posted by defcom1 at 5:39 PM on May 30, 2009


I'm just scared about what this leased car is going to look like in 2011 if I keep driving it!

You might look into protecting the car as much as possible from the dogs. I use and LOVE Dura-Gear car seat covers.
posted by SuperSquirrel at 6:35 PM on May 30, 2009


I'm guessing the sedan you leased was an Impreza? If so, I can understand the space crunch.
If you do decide to go ahead and trade out your lease to buy the Forester, Subarus are tough vehicles, and tend to hold their value pretty well, so don't be afraid to stand your ground on what you feel the used vehicle is worth.
When I bought my '09 Forester in August of last year, I did all the Edmunds research, but the most valuable piece of information I got was the Consumer Reports new car price report, which included info that Edmunds research did not. I think it was $9.95, but it was money well spent because it gave me a better sense of the actual dealer cost.
This Edmunds thread about recent Forester prices paid was also very helpful.
The only other thing I would warn you about regarding the Forester is part availability due to the redesign w/the 09 model. I got hit in some icy weather in December and it took about 8 weeks to get the body repairs done because the shop had difficulty getting new parts. Maybe that's changed in the last few months.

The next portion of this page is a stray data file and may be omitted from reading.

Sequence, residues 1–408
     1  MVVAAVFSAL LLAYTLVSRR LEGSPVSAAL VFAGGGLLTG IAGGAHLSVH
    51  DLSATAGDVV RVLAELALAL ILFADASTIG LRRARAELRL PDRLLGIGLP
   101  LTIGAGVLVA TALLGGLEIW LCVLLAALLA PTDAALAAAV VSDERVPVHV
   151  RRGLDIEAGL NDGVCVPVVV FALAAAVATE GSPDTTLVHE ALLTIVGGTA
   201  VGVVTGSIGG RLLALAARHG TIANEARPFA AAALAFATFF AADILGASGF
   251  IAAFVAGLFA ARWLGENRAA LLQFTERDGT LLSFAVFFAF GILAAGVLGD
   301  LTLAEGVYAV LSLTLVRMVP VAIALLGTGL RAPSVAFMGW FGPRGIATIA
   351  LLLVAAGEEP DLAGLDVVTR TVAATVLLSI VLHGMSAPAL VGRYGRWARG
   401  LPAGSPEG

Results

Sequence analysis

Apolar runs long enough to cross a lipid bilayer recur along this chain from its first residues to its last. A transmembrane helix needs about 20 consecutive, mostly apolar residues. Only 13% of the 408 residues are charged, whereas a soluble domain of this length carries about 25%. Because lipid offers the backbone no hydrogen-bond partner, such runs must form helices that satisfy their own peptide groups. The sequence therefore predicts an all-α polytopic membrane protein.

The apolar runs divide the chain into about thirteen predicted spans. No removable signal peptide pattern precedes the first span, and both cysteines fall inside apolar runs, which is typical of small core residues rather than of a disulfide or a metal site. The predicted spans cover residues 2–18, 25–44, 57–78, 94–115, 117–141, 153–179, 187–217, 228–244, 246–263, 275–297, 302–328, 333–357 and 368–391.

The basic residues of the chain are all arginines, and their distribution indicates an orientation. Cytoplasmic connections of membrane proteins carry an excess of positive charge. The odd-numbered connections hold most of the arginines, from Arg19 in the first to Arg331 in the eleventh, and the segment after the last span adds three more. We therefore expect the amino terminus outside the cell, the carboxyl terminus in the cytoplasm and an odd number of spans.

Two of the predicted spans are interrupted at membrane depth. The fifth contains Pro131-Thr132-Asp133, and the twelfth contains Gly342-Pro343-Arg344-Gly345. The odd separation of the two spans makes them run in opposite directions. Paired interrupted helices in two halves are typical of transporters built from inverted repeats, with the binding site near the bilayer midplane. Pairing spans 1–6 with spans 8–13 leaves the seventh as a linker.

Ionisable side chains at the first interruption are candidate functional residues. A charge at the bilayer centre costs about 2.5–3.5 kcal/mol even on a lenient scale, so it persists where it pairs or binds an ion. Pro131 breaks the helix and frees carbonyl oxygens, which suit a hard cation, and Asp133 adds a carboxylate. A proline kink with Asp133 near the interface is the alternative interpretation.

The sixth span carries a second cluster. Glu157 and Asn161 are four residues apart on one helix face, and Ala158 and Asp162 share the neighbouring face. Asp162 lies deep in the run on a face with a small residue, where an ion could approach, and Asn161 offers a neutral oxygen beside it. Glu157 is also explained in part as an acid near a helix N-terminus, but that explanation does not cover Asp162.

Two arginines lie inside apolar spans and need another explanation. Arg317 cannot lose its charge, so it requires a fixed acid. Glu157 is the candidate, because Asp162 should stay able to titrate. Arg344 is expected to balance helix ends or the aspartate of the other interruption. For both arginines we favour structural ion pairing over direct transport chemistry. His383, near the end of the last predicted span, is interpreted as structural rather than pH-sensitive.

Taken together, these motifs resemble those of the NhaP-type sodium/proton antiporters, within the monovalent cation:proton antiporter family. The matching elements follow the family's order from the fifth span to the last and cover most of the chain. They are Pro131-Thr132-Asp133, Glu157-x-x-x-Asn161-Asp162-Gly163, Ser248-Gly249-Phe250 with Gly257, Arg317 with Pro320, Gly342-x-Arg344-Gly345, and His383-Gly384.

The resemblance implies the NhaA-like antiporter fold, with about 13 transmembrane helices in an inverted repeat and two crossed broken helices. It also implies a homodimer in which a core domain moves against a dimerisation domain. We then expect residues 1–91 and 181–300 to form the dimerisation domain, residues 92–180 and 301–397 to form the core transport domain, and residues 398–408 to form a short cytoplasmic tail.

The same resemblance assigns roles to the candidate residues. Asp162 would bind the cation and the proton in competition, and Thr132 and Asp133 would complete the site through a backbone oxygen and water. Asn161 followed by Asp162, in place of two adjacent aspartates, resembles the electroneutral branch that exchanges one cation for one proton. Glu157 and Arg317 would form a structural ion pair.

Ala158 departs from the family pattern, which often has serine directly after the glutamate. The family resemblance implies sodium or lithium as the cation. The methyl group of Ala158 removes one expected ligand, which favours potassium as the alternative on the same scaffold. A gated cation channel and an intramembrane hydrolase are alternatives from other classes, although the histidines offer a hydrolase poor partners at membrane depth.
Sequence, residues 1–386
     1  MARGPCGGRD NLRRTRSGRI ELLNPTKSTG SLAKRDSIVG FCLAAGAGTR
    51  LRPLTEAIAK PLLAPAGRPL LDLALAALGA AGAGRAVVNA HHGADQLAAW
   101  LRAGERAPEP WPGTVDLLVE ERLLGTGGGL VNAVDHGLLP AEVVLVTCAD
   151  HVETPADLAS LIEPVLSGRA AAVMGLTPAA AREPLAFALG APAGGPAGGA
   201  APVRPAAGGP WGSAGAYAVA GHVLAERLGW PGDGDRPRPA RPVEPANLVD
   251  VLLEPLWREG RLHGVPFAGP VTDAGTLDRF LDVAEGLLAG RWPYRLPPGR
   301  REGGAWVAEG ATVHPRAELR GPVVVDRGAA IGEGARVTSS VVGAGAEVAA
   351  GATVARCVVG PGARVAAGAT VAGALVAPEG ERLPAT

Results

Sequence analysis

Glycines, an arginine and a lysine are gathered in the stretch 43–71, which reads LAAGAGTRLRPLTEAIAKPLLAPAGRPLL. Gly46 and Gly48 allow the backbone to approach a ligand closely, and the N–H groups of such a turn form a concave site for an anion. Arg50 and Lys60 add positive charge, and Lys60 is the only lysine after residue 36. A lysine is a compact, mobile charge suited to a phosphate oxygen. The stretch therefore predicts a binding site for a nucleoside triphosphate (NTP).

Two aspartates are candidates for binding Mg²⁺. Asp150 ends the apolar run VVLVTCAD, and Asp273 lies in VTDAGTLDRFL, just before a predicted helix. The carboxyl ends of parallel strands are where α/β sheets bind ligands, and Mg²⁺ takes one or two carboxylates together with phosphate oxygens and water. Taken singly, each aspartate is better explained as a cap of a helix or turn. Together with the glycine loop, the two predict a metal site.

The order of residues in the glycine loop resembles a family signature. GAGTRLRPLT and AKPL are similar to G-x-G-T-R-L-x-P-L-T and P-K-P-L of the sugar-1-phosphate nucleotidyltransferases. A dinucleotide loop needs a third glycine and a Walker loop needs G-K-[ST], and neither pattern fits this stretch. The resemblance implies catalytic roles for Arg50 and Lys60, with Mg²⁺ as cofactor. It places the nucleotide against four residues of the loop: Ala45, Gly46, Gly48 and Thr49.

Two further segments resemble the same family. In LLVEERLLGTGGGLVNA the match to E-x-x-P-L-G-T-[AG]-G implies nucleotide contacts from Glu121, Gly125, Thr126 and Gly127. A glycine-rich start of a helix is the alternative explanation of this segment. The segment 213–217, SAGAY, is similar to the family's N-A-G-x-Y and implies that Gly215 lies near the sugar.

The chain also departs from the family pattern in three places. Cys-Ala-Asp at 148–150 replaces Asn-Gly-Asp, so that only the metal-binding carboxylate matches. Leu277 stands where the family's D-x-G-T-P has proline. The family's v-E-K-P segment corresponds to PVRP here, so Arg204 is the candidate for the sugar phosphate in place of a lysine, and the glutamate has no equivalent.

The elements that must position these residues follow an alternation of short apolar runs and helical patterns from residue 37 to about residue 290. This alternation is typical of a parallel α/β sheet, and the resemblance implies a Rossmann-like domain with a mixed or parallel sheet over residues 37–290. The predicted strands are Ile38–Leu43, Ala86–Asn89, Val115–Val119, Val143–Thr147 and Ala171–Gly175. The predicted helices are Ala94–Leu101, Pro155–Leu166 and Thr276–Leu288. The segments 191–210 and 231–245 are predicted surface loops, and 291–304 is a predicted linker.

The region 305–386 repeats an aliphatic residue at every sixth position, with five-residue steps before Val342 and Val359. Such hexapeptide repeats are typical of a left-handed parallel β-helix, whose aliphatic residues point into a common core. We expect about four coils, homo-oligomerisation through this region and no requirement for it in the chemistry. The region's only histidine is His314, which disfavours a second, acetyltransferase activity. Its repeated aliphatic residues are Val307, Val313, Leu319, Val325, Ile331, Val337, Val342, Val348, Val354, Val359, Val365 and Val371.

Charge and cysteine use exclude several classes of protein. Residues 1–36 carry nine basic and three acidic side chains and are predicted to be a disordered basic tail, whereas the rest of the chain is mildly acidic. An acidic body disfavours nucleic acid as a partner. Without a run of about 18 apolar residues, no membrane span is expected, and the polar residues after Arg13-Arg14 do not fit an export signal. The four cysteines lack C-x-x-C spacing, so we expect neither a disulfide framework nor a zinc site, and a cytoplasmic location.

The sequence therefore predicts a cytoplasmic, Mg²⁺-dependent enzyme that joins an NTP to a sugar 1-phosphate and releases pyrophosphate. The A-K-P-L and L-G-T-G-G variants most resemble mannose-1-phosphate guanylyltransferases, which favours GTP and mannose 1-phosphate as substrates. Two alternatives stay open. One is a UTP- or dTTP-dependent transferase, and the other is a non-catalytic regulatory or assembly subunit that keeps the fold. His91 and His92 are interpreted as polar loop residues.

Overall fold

Good luck with your bargaining. I love my Forester, and so do my 3 doggies.
posted by Dr. Zira at 6:44 PM on May 30, 2009


6:1 is on the right track, I think.
posted by megatherium at 7:48 PM on May 30, 2009


Thanks, everyone. This really helps.

I think I am going to get a quote from another body shop on the damage, and at least fix the bumper. Then try another dealership, and maybe then private party. It didn't even occur to me to get financing through my bank.

I honestly don't know how all the dings happened! I'm not /that/ reckless! I will work extra hard to protect the interior. At least, so far, the dogs haven't caused the worst damage...

You're right, I don't *need* a new car - a 2005 or 2006 Forester would be fine with me. It may just take some waiting.
posted by alma at 11:09 PM on May 30, 2009


I'd wait to have the dings fixed until you're about ready to turn in the car. You may accumulate more dings over the next 19 months, and it's going to be cheaper to have them all done at once.

Have a look at this site for getting out of your lease. I've never used it. But, it looks like it's legit.